The ROOT Report: Let’s Talk Numbers: Climate and Hunger





Hunger and climate change are two of the most pressing, interconnected issues of our time.  

It is impossible to discuss the effects of climate change without addressing the crisis’s grave impacts on our existing food systems, and the environmental degradation accelerated by our current agricultural methods. As a result, issues such as hunger, poverty, and economic instability are exacerbated across the globe.

It is critical that we move away from industrial agriculture, a depleting, exploitative form of food production which is seriously harming our planet from an emissions standpoint and putting people involved at risk—not to mention threatening the well-being of future generations.

How do we begin to address these issues? How can we create a just food and farm system that places people and planet back at the center?

The powerful solution is agroecology, a set of sustainable practices that produces abundant pesticide-free food, replenishes the soil—acting to mitigate many of the effects of climate change— and strengthens small-scale farmers and their communities. Agroecology is a way of putting the power back into the hands of the people, producing high quality food and strong local economies.

A 2015 report by the United Nations’ Food and Agriculture Organization (FAO) called out agroecology as a climate change-resilient farming system, stating that it will not only aid in the current environmental crisis, but— coupled with community engagement— will bolster economic opportunity, promoting the livelihoods of people across the globe. In addition, agroecology has the power to mend deep-rooted social issues like hunger and poverty through revitalizing economies, creating jobs, and restructuring existing systems of power to give people control.

By the Numbers:

• 70% of the planet’s fresh water is lost to industrial agriculture

• $2 billion is spent on cleaning up drinking water contamination caused by fertilizer runoff each year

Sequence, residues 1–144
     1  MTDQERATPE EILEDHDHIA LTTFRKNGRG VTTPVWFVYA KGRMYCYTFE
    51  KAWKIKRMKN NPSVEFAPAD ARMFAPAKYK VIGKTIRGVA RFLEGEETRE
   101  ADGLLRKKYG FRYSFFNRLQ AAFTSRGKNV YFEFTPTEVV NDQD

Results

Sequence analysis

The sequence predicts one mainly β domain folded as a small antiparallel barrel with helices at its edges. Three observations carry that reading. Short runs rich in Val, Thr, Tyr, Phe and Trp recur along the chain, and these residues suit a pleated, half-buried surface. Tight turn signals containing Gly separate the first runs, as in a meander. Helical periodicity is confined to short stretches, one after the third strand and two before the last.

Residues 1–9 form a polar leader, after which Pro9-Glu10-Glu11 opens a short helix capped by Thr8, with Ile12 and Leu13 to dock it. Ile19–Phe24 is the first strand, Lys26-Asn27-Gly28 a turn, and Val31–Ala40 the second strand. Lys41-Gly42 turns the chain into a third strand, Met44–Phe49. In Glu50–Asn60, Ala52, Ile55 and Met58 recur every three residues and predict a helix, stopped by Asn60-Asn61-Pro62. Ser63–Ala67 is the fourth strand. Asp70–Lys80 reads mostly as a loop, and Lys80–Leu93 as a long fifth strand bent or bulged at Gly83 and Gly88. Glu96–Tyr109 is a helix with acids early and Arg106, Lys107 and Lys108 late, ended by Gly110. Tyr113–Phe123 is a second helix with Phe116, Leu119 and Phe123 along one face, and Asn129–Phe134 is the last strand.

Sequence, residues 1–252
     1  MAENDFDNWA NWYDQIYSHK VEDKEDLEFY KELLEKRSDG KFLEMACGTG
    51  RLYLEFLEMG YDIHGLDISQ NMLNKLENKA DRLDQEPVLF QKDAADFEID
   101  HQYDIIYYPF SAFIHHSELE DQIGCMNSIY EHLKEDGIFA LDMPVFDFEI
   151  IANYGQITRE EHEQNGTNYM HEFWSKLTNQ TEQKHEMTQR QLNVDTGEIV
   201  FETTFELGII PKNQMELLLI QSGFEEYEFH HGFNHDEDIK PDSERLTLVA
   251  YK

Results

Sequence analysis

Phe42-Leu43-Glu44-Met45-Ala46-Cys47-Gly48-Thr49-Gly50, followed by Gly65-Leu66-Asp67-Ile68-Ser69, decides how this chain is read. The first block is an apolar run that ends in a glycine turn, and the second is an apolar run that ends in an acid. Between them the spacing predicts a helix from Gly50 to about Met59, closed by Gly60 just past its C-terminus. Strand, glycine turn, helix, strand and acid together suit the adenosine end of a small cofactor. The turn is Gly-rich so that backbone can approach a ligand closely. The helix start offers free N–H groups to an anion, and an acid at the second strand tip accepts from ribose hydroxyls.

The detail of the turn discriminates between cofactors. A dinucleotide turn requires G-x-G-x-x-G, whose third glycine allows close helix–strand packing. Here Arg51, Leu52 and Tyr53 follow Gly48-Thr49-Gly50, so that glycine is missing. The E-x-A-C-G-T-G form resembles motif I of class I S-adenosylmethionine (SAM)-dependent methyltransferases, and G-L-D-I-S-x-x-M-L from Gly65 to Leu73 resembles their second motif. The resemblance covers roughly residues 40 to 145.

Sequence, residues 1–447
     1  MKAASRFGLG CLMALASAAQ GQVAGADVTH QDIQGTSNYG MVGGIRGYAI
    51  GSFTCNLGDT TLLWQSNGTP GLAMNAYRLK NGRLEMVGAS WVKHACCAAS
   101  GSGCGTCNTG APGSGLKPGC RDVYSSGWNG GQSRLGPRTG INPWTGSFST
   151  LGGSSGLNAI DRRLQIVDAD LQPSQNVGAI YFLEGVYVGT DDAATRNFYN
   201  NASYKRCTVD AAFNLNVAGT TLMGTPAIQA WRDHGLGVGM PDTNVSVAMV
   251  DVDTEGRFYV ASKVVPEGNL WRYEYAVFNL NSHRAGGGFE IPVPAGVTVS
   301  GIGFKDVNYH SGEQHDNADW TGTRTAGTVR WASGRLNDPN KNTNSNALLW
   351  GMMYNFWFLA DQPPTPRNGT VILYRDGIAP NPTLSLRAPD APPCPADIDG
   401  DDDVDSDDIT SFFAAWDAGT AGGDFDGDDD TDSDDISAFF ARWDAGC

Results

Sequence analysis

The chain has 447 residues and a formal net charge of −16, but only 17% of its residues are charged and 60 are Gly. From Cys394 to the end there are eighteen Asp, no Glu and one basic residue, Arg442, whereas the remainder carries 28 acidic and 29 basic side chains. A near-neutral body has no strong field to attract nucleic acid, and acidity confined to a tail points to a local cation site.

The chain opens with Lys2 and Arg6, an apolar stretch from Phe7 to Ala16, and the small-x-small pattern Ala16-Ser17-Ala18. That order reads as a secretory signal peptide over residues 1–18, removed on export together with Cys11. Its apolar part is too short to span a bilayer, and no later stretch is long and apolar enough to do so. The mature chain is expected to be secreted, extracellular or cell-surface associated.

• 3 times more food is produced per acre when using agroecological methods instead of industrial agriculture

• 30% of all greenhouse gas emissions are produced by industrial agriculture

• 100% of carbon emissions can be captured and retained by agroecological processes, while also conserving water


Agroecology is undoubtedly a powerful solution to many of today’s most pressing social and environmental issues. WhyHunger believes that in order to change the food system and provide food for the masses, we must scale this viable alternative. Agroecology is key to producing better quality food, revitalizing local economies, and providing sustainable livelihoods for millions of people across the globe.

That’s why over the past five years we’ve trained over 104,000 farmers in sustainable agroecological farming practices and invested over 3.25 million dollars in grassroots movements across 25 countries.

Ultimately, study after scientific study demonstrates that agroecology has the ability to produce enough food to nourish the planet while feeding the world—without sacrificing the health of the people. Implementation of this alternative food system is critical, as it will empower communities to break cycles of hunger and tackle the urgent climate crisis.


Learn more about the importance of scaling up agroecology from global leaders here.

To invest in true solutions to hunger & support WhyHunger’s efforts to empower communities across the world, donate here.


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